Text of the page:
The Chairman said it had not been his custom at their Annual Meeting to take up much of their time with remarks from the Chair. He had always thought his position was rather to expedite business than to make speeches on matters with which they were fully as conversant as himself. But as this was the last meeting of the first Council - unless there were an emergency meeting - he thought it was fitting he should for a few moments draw attention to what in his opinion they might consider the success of the movement. During the three years the Council had existed, first as a constructive Committee, and then as a Council proper, there had been a cordiality and unanimity which he thought went far to prove that there was a very large body of ringers throughout the country who had set their hearts upon doing all they could to bring the various sections of ringers into accord with one another. He felt that every member who had attended a meeting of the Council, would not hesitate to say the work had been valuable in many ways (hear, hear). If for no other reason than that they had issued such a report as that which went out from the Council last year on the management of belfries, it would be well worth the Council existing. For in whatever part of the country he had been during the last twelve months, he had heard of this report from almost everybody who had to do with bells, either people who had read it or who wanted to read it, and therefore he thought the Council must congratulate themselves on having done a really good work at all events in this one particular (applause). He would not specify the various other directions in which their discussions had taken effect, but he would just say this, that it seemed to him, now the Council was fairly established on a firm foundation, the experiment had proved to have met a real want, and they might, he thought, look forward to the new election at the end of the present year with hopefulness, and with the satisfaction that a new Council would come to its work with the confidence of the Exercise generally, by reason of the quiet, unassuming, but practical way in which the present Council had carried out its work (applause). They had not been too forward in taking things into their own hands, nor remiss in using straightforward language when it was needed, and he thought on the whole the verdict of the change-ringers of the country would not be other than one of satisfaction at the institution of this Council (applause). He would like in conclusion to point out that there were one or two little difficulties in regard to the carrying on of the work of the Council during the present year, which he would have occasion to draw attention to during the meeting. It would be necessary for the various Committees of the Council to prosecute their work during this year as they had done in the past two years, so that they might not have any lapse during the third year which intervened between the old and the new Councils. He would not like to sit down without drawing their attention to the fact that on his left hand sat one well known to many of them; he meant Canon Erskine Clarke (applause) - who he was sure could not but look on this meeting as one that had come indirectly from action of his own. Many of them would remember the time when the records of bell-ringing and ringers were recorded in Bell’s Life, and he thought it would be in the recollection of some that Canon Clarke was the first to lift the record of the performances of bell-ringers from the sporting newspapers and put them into the columns of Church Bells, an essentially Church paper. He thought that in having the honour of his presence at this the concluding meeting of their first Council, they must consider themselves fortunate in having the support of one who had as much knowledge of what ringers really required as any man in the country (applause).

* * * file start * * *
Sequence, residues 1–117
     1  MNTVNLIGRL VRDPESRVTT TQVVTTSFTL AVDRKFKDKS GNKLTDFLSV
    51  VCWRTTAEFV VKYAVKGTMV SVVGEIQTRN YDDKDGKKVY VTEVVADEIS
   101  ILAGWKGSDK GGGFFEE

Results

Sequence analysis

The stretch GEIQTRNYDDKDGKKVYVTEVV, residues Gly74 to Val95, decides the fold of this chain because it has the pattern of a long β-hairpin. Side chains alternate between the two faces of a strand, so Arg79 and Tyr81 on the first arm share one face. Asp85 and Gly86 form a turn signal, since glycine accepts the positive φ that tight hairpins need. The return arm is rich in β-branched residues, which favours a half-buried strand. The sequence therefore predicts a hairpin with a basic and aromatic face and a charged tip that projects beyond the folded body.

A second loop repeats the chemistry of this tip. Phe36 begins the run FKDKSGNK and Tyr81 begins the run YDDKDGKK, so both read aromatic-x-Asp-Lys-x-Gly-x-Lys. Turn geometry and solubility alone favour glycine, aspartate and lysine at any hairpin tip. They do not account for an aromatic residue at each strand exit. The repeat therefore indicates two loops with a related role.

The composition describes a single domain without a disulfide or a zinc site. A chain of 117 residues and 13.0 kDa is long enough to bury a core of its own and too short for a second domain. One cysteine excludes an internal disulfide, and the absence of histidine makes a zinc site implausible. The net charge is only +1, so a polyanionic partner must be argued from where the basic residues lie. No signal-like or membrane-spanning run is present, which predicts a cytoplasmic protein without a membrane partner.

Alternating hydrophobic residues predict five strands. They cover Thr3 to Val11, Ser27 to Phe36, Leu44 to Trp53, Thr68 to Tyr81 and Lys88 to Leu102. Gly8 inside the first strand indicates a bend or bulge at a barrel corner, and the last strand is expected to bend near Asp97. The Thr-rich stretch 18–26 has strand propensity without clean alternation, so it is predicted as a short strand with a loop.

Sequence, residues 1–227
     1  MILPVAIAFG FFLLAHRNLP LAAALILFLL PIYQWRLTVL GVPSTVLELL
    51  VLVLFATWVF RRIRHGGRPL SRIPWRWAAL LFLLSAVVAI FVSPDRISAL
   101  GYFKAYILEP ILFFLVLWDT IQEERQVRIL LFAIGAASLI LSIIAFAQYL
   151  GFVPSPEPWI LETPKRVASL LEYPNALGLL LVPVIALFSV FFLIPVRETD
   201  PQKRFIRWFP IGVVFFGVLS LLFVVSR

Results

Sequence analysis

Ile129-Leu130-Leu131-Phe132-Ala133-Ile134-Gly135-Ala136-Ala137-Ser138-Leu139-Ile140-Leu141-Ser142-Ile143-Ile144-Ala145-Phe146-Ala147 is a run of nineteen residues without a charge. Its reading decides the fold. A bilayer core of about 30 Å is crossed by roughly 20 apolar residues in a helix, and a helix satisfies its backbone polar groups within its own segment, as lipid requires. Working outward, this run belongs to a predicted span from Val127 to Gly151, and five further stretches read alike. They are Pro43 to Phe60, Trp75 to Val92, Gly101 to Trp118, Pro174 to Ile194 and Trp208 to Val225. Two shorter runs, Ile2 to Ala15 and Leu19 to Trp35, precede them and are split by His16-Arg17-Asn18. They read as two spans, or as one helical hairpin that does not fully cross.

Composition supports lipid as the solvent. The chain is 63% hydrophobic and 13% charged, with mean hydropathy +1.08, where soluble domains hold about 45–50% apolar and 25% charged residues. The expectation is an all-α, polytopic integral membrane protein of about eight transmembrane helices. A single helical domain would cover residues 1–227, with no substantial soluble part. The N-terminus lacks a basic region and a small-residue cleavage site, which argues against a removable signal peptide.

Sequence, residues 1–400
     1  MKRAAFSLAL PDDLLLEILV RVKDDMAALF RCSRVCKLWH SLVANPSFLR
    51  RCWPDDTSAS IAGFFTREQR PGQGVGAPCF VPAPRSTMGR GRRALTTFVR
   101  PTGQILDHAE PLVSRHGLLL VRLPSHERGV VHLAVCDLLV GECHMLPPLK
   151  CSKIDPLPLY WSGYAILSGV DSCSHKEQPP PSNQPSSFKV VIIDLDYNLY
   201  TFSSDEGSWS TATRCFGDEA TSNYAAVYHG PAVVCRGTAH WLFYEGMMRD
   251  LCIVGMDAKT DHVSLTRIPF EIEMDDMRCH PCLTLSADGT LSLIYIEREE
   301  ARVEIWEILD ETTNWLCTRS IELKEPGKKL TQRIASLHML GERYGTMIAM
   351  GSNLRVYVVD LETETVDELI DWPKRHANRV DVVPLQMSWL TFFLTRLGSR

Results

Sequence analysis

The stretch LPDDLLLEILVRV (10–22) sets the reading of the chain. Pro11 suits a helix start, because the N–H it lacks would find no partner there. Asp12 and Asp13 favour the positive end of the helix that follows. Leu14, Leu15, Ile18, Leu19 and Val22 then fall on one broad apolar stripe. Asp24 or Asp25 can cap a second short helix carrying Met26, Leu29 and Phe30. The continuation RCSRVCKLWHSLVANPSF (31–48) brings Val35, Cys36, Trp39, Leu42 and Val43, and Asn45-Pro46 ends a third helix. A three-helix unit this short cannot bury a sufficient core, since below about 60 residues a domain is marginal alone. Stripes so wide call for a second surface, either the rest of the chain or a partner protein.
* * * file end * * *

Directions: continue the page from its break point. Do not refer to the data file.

The Rev. Canon Clarke thanked them very much for the kind reception they had given to his name. He felt grateful in looking back on his somewhat prolonged life that in God’s providence this had been one of the things he had been led - he must candidly confess somewhat by accident - to do for the Church, to have been the means of ringers being looked upon in a very different way from what they were in the times to which Mr. Heywood had referred when he first started Church Bells. He was then associated with men who had attained to much prominence in the Church, the Archbishop of York, the Bishop of Wakefield, and others, who then occupied what was called a moderate position, and held what was known as the middle platform in the Church. By those good men and others he was led to start a paper to support the views of the middle platform. In thinking of various names they hit on the name of Church Bells, but he was bound to admit they had not the ringing science in their mind when they choose the title. They were looking for what they thought would be a popular name. Amongst those who assisted was Mr. Ellacombe, who undertook to bring this particular side of churchmanship into the paper, and for a great many years - as long as he lived almost - conducted the particular column which had this advantage, that it brought their science and the knowledge of their work and position before the public and persons who otherwise would not have heard of it. He was delighted that out of this imperfect column had grown their own paper, which he trusted would be an ever-increasing organ. The body of ringers had become so great that they might very well have a paper devoted to their own science; still they kept a certain portion of Church Bells for that particular purpose. “The Bell News” had a large survey, and as he candidly told them Church Bells was not in the first place for ringers; that was somewhat the accident of its existence. He heartily hoped their organ would flourish and prosper. From the time - 1871 - when he started Church Bells there had been a wonderful growth in the interest taken in ringing, and he was sure there was ample room for a vigorous sustentation of their own special organ. He was delighted to be present and to meet those who were doing that which he felt to be a thoroughly good work. He wished them every success (applause).